One of the basic tenets of the Writing Project is that to teach writing well, teachers must write. In our Web 2.0 world, that tenet should be extended a bit: to teach writing with technology well, teachers must also blog, tweet, and podcast—exploring writing in online environments—to understand the possibilities of the medium.
And many Writing Project teachers are doing just that, prolifically and thoughtfully. While some might have initially started blogging simply as an experiment, almost in private—and they might not even be techies (because you don’t have to be a techie to blog)—you might say they’re now certified members of the blogosphere.
Take Andrea Zellner, a teacher-consultant who was introduced to blogging by the Red Cedar Writing Project (MI) as a way to chronicle the 2005 Annual Meeting. After getting acquainted with the genre and the platform, she used it in her classroom and now her blog, humbly titled Stumbling Towards Proficiency, operates as “a place to reflect on my thinking about education, education reform, and technology.”
Joel Malley, a teacher-consultant with the Western New York Writing Project, started his blog about teaching, Buried in Wires, in September of 2009 because he felt the need to explore what was happening in his classroom and make connections with others.
“I thought my experience and my students’ experience might have something important to say about education,” he says. “I get to teach English in an inner ring suburb in the third poorest city in America [Buffalo], but with 16 new Macs and camera equipment. I feel like something is happening and I want to figure out what and spread the news.”
A Tool for Thinking
Spreading the news—and hearing the news from her colleagues—is key to Gail Desler, technology liaison with the Area 3 Writing Project (CA), who has built what she calls a “personal learning network” around her blog, BlogWalker.
Desler has been “exploring blogging as a tool for thinking and learning for about eight years,” after being introduced to blogging by her blog mentors, Bay Area Writing Project (CA) teacher-consultant Pat Delaney and Marshall University Writing Project (WV) technology liaison Karen McComas.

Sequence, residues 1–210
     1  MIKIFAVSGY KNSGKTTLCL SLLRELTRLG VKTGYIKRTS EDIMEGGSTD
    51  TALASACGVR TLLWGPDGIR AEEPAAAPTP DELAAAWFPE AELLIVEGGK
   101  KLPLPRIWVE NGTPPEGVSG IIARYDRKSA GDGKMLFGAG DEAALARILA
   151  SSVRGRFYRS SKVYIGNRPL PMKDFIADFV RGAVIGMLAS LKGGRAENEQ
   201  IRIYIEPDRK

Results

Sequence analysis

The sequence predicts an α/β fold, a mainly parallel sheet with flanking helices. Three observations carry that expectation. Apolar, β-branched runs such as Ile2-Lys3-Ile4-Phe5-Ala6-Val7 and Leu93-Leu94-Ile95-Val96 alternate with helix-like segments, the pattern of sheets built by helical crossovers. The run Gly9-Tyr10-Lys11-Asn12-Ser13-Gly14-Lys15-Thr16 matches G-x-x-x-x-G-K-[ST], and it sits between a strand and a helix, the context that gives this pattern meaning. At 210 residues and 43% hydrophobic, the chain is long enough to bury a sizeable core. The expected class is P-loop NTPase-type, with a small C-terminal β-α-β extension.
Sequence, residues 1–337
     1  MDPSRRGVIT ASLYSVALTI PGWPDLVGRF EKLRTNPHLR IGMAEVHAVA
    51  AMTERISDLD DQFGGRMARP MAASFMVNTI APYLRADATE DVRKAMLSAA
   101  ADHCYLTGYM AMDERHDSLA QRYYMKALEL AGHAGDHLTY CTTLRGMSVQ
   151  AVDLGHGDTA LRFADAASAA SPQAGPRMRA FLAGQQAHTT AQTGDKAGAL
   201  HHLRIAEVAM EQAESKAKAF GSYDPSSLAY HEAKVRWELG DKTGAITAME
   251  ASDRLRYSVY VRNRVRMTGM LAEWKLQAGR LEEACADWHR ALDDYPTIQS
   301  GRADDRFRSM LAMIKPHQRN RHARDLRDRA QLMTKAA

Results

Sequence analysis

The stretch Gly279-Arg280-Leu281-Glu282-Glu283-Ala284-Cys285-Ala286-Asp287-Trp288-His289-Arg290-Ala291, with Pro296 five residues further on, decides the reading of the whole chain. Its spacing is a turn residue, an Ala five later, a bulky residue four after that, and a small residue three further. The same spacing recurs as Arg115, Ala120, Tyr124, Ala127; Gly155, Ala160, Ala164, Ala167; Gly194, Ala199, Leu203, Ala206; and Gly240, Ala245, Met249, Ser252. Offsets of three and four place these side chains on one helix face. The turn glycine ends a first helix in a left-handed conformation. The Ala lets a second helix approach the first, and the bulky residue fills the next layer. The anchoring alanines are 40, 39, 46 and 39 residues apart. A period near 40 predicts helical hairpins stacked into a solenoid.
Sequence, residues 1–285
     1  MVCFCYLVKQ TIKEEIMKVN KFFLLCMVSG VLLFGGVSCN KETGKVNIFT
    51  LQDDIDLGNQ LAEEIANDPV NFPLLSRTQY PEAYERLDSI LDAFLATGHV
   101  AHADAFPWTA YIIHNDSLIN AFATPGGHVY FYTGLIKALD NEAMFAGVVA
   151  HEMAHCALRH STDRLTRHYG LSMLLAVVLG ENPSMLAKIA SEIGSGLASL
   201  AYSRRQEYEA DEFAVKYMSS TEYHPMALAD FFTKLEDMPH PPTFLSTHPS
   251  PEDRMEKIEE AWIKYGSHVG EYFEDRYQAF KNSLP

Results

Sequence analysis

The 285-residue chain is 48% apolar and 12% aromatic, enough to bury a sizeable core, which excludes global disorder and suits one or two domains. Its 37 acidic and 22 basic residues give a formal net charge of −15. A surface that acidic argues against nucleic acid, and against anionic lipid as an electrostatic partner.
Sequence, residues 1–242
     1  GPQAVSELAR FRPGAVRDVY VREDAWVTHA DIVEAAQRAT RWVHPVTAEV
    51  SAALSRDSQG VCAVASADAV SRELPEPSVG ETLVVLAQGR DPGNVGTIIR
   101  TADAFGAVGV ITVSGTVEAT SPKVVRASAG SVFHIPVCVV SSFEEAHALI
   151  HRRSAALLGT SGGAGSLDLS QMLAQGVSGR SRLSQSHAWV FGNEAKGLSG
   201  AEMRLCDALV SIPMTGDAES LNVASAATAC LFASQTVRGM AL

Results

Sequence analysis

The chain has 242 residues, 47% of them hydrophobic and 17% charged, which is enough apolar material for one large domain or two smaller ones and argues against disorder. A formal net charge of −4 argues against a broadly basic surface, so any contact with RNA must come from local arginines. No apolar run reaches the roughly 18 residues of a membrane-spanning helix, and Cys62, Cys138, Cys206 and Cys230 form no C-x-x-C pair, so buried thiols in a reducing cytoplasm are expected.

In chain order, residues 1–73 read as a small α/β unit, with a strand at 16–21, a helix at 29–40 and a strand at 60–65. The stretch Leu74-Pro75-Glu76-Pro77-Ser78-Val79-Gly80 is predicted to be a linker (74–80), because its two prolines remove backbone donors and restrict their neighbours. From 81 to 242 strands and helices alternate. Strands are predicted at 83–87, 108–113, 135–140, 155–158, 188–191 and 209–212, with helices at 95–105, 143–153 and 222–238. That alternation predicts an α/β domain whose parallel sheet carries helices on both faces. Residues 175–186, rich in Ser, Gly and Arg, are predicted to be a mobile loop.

Desler’s personal blogging, like that of other Writing Project teachers, started with her students. Several years ago she was involved in a blog called “Always Running,” which connected two alternative high school English classes for an online discussion of a banned book. She witnessed “students who were otherwise disengaged from their communities and from traditional schooling in general, but were connecting—beyond the school day—around topics they cared about.”
The experience was an epiphany that Desler, who describes herself as a devil’s advocate when it comes to technology in the classroom, continues to explore.
“That observation and that project inspired me to continue at every opportunity to bring students, teachers, and community members together through blogging over shared issues, across geographic, socioeconomic, and generational differences.”
For Desler, blogging is fundamentally a tool to empower students.
“My favorite topics to blog about are examples of what students can produce when allowed and encouraged to question, research, create, share, and converge with others—as part of the school day,” she says. “I feel the need to blog when I see technology being used as a tool for empowering students to take their voices beyond the walls of the classroom and confines of the surrounding community.”
Blogging as Community
Initially, Desler says, blogging “felt a bit like talking to an empty room,” but after blogging for a few months, she heard a voice when Western Massachusetts Writing Project technology liaison Kevin Hodgson, who writes the blog Kevin’s Meandering Mind, posted a comment to one of her posts. Now she’s connected to educators around the country and even has readers that come from China, South America, and Africa.
“I feel increasingly connected to a worldwide audience of educators, many of whom have become important contributors to my personal learning network,” says Desler.